According to research, 60% of the Liberian people do not have access to safe drinking water supply, 90% of public schools in Monrovia do not have access to safe drinking water facilities, government has failed to decrease open defecation by at least 15%, and that it has yet to increase improved sanitation services by 7% among dozens of others promises it committed itself to.

Over 3,000 Liberians are reportedly dying annually from unsafe drinking water and other water related diseases, though President Ellen Johnson Sirleaf is Africa’s Goodwill Ambassador for Water Sanitation and Hygiene (WASH).

Improving these sectors would cost far less than the over US$50 million spend to purchase vehicles which are not being reportedly sold cheaply to officials in government.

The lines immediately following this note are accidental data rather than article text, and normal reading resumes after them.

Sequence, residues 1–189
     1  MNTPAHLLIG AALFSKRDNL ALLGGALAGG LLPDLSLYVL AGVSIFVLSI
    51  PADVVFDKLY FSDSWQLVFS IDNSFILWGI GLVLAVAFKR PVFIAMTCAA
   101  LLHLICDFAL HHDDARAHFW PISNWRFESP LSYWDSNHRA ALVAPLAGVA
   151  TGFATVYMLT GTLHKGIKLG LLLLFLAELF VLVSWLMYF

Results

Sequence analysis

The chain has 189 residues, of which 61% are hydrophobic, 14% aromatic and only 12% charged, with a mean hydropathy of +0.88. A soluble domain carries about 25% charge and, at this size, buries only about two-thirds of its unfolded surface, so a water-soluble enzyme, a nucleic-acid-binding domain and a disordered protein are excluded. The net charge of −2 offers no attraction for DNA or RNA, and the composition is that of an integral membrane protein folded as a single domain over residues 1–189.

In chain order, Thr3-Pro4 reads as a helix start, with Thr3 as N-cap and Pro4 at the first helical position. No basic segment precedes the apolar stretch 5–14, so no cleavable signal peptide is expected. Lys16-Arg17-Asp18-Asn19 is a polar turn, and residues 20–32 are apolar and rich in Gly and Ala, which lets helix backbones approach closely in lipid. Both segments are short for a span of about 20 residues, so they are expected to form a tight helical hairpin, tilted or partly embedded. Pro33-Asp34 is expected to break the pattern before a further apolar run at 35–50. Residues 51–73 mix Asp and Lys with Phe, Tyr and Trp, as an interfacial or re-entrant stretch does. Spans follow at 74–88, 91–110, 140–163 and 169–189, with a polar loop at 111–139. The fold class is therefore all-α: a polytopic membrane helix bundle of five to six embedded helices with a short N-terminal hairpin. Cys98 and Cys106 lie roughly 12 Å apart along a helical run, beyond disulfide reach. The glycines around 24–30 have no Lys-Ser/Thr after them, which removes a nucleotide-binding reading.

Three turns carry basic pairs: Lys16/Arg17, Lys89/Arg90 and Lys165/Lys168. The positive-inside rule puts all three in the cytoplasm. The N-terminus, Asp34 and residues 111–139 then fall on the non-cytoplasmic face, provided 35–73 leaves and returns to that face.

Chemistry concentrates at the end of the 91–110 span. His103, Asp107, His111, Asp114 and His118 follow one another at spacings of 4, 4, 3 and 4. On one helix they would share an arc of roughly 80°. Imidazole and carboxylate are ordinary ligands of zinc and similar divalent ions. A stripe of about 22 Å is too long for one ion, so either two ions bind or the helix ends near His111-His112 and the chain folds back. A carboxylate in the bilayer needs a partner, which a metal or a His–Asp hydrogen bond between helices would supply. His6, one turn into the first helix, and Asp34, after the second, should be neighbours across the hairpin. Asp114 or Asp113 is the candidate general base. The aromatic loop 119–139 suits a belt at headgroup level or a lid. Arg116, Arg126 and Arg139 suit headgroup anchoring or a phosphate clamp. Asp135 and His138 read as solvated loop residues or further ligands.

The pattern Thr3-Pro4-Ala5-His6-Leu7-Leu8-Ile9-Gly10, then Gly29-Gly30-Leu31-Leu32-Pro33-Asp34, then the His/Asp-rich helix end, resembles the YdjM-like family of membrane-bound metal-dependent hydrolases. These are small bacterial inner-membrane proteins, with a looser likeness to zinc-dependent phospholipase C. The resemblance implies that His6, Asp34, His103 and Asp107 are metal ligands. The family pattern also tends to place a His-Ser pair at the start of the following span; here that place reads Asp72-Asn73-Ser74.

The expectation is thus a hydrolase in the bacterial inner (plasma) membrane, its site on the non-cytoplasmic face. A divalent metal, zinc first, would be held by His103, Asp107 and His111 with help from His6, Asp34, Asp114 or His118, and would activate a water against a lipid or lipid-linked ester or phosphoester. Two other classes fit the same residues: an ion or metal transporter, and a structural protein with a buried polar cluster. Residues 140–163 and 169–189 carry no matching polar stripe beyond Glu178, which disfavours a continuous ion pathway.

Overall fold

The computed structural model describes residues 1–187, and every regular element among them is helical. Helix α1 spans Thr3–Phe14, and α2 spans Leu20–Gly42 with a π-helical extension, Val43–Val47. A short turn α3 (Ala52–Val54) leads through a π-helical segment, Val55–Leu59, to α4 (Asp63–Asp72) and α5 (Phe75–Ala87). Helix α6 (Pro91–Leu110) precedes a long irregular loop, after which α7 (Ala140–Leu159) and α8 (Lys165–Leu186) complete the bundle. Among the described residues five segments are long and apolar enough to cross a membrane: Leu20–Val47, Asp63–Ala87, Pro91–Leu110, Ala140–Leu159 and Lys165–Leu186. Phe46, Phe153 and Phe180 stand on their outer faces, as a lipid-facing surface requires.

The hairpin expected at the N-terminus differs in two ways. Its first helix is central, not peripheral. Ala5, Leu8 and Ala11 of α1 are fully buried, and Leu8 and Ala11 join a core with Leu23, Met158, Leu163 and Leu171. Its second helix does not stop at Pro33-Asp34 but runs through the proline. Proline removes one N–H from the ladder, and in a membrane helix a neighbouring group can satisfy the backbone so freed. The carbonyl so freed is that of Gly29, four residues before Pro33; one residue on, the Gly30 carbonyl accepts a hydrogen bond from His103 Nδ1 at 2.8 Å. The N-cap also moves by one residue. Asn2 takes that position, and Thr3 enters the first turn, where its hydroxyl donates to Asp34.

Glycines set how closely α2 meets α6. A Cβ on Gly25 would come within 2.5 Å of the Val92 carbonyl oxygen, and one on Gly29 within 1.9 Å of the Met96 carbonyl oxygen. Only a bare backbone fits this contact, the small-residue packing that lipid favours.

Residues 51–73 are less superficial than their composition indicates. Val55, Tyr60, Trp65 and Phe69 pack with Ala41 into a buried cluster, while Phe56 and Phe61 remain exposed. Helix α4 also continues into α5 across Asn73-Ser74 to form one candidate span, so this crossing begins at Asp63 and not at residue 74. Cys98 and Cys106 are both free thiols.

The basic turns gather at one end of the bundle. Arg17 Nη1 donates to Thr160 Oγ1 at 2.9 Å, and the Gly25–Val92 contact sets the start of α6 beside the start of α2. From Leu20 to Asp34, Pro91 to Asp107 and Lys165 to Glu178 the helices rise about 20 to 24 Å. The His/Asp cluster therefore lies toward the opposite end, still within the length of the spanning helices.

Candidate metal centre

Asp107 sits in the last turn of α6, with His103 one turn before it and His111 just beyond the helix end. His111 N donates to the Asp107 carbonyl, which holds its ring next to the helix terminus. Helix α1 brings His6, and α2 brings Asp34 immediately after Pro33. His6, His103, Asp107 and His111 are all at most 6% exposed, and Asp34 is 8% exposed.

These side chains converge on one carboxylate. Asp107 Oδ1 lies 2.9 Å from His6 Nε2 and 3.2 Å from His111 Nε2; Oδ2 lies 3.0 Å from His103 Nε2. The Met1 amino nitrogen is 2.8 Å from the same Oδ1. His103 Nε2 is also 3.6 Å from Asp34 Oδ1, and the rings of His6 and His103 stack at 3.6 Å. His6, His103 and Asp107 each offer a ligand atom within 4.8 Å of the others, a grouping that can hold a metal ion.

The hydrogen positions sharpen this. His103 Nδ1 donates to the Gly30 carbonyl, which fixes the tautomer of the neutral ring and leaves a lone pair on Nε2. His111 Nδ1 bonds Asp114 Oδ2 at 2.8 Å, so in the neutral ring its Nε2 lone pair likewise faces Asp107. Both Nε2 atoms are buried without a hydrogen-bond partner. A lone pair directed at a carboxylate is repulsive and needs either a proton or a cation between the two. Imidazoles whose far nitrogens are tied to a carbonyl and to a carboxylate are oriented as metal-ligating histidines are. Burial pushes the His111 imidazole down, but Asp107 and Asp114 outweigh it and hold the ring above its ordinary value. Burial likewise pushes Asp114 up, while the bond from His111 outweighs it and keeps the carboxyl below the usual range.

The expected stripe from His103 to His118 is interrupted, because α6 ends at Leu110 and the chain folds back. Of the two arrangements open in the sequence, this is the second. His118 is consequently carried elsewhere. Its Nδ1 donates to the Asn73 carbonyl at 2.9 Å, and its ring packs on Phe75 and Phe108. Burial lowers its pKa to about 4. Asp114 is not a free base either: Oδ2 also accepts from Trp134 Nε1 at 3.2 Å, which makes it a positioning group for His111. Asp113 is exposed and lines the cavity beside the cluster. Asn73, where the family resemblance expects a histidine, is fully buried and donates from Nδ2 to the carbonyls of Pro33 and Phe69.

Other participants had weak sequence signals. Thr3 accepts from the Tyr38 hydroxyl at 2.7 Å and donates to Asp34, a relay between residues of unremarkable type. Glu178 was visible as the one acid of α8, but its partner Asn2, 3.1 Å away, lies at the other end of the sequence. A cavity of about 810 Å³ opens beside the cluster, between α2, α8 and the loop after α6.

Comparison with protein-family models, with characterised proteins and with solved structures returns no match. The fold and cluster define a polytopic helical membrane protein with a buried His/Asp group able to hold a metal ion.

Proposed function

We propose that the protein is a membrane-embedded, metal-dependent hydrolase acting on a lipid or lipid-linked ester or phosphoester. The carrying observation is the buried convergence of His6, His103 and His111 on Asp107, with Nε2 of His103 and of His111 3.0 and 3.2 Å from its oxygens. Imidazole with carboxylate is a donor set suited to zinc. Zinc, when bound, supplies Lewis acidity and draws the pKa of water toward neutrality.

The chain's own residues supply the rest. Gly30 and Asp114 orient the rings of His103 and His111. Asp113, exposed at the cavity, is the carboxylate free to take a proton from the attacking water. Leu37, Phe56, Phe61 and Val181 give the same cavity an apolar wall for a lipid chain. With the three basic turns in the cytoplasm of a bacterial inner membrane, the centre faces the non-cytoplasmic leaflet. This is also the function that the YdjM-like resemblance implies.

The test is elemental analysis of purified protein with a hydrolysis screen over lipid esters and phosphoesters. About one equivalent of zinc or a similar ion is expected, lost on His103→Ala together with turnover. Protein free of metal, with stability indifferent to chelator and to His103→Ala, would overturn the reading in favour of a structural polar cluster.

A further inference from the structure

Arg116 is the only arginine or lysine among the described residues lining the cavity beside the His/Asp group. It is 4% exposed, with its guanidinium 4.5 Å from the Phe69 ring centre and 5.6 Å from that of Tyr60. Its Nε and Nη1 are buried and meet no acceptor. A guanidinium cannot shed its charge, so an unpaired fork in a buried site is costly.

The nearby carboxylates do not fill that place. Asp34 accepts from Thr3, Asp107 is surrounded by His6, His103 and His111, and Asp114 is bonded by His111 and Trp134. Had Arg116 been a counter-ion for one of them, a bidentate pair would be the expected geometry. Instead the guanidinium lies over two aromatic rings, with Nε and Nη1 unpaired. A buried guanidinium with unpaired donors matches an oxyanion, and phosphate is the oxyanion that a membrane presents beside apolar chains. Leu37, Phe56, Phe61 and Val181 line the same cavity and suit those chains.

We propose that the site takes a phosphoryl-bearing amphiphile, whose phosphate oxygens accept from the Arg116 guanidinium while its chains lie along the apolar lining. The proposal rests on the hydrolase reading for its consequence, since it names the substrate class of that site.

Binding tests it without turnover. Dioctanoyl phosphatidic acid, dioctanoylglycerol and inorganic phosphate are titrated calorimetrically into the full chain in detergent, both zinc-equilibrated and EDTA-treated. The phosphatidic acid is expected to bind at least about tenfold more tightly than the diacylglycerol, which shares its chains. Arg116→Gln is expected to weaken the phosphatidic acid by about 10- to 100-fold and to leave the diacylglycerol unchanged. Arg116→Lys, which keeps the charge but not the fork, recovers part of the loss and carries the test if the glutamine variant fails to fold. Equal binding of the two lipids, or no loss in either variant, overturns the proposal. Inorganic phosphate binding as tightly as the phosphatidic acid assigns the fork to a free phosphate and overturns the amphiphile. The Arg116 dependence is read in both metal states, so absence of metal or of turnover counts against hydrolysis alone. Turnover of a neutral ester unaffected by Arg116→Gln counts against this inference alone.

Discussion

Liberian leaders, the LIPI Policy Report noted, are known for wasting and lavishing the country’s wealth on their personal luxuries and extravagance, rather than the neccessities that address poverty and strengthen the human development needs of all Liberians.

The report: “In this Policy Paper (PP-002), LIPI presents the amounts that have been budgeted and spent on vehicles (cars, Trucks, vans, SUVs, etc), also referenced in the 2012-2013 Budget as “Transportaion Equipment.” LIPI believes that one of the fundamental means to improve accountability and transparency is for Liberians to have a clear understanding of how much is collected in revenues by the Government and how that money is expended.”